When you see that a new drug got the FDAÃ¢â‚¬â„¢s stamp of approval, you might assume that it went through years of clinical trials with thousands of participants. But thatÃ¢â‚¬â„¢s not always the case. The types of trials used to approve new drugs can actually vary greatly, according to a recent study published in The Journal of the American Medical Association.
Researchers looked at FDA trials for new drugs conducted between 2005 and 2012. They found that more than one third of the drugs were approved after a single trial, and many other trials seemed less than thorough (small sample size, short duration, etc.).
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While the FDA requires the same basic standards for all clinical trials, there is some flexibility in how trials can meet these requirements, depending on the medication and the disease itÃ¢â‚¬â„¢s treating. Ã¢â‚¬Å“Some drugs may be tested in clinical trials that enroll hundreds of participants, while othersÃ¢â‚¬”particularly those seeking to treat rare diseases [for which the sample of people who could even participate in trials is much lower]Ã¢â‚¬”may be tested in trials that enroll only a handful of participants,Ã¢â‚¬Â says Sandy Walsh, from the FDA Office of Media Affairs.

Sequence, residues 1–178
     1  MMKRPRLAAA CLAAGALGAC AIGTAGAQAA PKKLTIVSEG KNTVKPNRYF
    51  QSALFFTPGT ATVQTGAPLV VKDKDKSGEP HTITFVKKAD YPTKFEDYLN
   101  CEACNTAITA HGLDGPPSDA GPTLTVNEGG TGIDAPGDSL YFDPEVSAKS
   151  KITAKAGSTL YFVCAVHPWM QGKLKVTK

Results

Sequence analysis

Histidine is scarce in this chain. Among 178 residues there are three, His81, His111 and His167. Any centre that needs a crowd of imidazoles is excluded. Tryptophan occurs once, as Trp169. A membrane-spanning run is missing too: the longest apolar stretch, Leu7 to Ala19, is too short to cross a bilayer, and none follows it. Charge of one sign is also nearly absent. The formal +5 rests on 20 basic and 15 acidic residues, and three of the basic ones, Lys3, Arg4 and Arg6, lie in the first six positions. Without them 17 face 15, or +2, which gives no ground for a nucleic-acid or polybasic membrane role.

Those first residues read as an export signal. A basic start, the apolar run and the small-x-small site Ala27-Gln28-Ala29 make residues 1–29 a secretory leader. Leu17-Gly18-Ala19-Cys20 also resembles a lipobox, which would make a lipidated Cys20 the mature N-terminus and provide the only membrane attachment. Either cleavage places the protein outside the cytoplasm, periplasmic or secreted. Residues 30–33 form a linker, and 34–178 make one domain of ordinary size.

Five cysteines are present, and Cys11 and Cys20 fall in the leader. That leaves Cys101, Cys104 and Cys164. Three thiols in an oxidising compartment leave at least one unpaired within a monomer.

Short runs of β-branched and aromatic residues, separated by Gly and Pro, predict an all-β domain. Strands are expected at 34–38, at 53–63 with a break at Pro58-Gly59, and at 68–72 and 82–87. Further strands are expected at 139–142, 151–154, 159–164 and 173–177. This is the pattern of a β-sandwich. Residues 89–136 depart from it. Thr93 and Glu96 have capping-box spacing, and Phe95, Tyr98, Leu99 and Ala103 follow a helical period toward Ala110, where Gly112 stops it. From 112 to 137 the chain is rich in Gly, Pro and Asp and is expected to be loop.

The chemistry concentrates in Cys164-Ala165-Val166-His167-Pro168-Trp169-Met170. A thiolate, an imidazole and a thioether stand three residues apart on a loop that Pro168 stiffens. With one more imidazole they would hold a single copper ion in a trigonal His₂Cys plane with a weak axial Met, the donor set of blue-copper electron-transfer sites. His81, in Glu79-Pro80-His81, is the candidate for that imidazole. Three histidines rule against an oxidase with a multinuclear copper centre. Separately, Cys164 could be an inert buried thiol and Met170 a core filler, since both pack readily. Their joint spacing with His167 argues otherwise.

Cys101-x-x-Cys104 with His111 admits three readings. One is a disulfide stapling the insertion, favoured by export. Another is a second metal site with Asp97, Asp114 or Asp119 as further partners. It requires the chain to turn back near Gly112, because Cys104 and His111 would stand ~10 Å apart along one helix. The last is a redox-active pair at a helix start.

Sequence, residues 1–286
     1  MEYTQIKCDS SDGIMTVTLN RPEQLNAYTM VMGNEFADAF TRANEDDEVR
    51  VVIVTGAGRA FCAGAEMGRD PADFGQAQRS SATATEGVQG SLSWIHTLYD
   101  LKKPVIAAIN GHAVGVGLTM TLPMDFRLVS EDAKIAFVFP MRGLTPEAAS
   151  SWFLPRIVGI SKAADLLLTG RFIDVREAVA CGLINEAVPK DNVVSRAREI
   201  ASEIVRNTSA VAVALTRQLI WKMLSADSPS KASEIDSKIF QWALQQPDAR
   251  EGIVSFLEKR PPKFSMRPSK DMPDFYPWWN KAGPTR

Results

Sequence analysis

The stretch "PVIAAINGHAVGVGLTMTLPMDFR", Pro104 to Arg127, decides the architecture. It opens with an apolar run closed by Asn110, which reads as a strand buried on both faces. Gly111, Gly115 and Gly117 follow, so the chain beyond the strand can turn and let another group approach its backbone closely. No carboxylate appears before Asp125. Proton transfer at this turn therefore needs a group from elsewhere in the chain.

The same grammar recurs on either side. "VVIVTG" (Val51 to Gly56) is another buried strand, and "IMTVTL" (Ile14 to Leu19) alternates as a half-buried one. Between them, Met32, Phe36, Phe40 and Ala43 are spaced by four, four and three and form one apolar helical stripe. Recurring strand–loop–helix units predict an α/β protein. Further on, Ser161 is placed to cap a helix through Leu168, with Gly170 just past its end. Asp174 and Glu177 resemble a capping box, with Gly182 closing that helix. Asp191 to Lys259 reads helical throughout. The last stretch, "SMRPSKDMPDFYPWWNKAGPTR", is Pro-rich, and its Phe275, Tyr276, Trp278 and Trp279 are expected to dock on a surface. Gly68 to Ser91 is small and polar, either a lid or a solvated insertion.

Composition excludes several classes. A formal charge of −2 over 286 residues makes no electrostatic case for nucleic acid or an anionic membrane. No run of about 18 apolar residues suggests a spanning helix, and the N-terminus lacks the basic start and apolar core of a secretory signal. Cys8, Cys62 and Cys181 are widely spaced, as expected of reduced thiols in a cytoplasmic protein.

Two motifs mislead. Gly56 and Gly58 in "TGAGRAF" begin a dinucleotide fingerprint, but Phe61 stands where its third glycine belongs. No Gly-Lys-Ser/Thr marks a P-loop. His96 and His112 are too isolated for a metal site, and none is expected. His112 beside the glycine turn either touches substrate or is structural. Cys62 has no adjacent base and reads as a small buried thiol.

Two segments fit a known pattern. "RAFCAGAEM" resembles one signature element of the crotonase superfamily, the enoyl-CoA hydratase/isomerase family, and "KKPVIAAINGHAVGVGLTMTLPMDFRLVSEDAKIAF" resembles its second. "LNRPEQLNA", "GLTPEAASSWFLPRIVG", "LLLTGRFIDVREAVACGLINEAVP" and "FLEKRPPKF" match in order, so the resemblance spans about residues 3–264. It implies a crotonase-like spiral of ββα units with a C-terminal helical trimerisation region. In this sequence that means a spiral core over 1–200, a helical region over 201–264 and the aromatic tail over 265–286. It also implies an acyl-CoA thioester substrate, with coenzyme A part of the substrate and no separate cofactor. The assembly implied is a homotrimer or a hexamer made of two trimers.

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So what should you do if youÃ¢â‚¬â„¢re prescribed a new med and youÃ¢â‚¬â„¢re curious about the clinical trials it had to undergo to be approved? Take a look at the written materials that comes with your prescription for information on the trials and frequently reported adverse reactions, says Walsh (You can also find it online here). And if youÃ¢â‚¬â„¢re still unsure, talk to your doctor or pharmacist for more details.
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